I work on story cards for a lot of projects each year at Hashrocket and also see a lot of backlogs maintained by clients and open source projects. A notable difference that I find between healthy projects and unhealthy projects is the way in which stories are written. I am purposefully leaving out any discussion about managing and grouping stories at a feature set level but will cover that in a future post.
Below is a break down of stories for an example book store that sells pdf’s the way I would story card buying a book and the two alternative ways that I see this get broken out the wrong way. Keep in mind that for different projects and project teams story composition will vary to a degree and this is not meant to be a set in stone prescription.
The Good (Interaction Driven Stories)
Shopper views book list Given a shopper When I click library Then I am taken to the books list page And I see a list of books And for each book I see - title - author - isbn number - price Shopper views book show page Given a shopper on the book list page When I click a book Then I am taken to the book show page And I see - book cover image (104 x 138 pixels) - author name - isbn number - price - description Shopper purchases a book Given a shopper on the book show page When I click buy book Then I am taken to the check out page When I fill in my credit card number And I fill in my security code number And I click check out Then my payment is processed And I am taken to the payment confirmation page Shopper views payment confirmation Given a shopper that has purchased a book And is on the payment confirmation page Then I see a message that I successfully purchased the book And I see the book - title - book cover image (74 x 98 pixels) - price Shopper downloads a purchased book Given a shopper on the payment confirmation page When I click on the book title Then a pdf of the book is downloaded to my computer
Users can view a list of books - title - author - isbn User can view the show page for a book - cover image (104 x 138 pixels) - title - author - isbn - description Users can buy a book - credit card number - security code User views receipt page - book information, title, price - book cover image (74 x 98 pixels) Users can buy a book they downloaded - pdf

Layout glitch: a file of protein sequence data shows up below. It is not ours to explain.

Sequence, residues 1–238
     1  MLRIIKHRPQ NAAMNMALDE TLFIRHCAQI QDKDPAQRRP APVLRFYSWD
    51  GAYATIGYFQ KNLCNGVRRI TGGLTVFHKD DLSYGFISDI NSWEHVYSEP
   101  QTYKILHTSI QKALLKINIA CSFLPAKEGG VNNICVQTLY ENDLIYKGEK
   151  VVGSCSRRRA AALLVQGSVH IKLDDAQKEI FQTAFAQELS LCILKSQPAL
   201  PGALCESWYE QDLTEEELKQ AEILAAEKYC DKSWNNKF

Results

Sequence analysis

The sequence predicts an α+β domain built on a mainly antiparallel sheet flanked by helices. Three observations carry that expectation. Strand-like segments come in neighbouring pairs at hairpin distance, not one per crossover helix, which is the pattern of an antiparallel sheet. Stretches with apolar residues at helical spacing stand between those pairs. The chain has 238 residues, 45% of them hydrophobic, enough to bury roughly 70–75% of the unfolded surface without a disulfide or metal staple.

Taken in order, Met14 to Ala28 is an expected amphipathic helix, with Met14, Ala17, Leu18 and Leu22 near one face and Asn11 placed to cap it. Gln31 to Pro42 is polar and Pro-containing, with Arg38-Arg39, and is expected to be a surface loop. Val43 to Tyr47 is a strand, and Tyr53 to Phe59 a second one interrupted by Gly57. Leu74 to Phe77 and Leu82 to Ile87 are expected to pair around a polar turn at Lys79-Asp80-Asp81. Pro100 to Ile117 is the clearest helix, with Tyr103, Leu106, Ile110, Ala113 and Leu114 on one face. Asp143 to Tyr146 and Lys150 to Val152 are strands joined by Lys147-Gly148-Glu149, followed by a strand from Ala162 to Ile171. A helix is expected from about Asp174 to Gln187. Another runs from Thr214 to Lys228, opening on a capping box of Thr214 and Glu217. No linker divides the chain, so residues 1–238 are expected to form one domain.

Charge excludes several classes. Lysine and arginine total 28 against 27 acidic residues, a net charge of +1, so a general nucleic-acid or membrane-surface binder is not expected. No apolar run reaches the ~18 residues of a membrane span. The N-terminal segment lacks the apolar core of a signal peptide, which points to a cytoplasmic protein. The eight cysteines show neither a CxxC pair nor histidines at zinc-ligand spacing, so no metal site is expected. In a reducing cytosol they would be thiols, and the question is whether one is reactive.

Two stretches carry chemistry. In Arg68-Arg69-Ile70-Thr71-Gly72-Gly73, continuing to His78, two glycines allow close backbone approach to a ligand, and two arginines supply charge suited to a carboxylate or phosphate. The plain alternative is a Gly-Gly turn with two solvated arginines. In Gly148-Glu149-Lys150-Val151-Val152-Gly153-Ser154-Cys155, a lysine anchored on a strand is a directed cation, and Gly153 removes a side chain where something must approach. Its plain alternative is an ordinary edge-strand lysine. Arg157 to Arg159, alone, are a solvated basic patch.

Users can buy books - list page - show page (generate cover images) - users check out (set up payment processing) -- card and security code - users can down load a book (set up pdf generation)
In developing software, especially software for someone else stories are more than just a placeholder for conversation. At the point in time when you build the thing they describe they become a social contract to deliver some piece of value. With that in mind it behooves you to be specific in what exactly you are going to deliver. Provide your client with a clear and meaningful set of steps that they can walk through and accept that you provided that value once it is built. This will go a long way towards preventing communication issues and keep you moving forward delivering value to your client rather than resolving communication and perception issues.
Some Basic Guidelines
- Each story should describe a single clear interaction and its outcome. Conditional “if” statements or an over abundance of “and” or “when/then” combinations is a smell.
- Use your client’s business language to describe the actors in your stories and avoid ambiguous terms like “users” and “admins” when possible.
- Your story should provide clear steps that your client can walk through to verify you built the feature they asked for.
- Title and compose your stories with clear, affirmative statements. “Can” is noise in stories.
- Your story should describe where you are and where you end up. This will go a long way to preventing bugs related to user’s paths through the application.
- Implementation doesn’t belong in your stories. The exception is sometimes stories around things like API’s but I will tackle that in another post.
- There is an implicit acceptance item in every story that the feature delivered matches the design your client previously approved. This also helps you not muddy up your stories trying to describe design elements.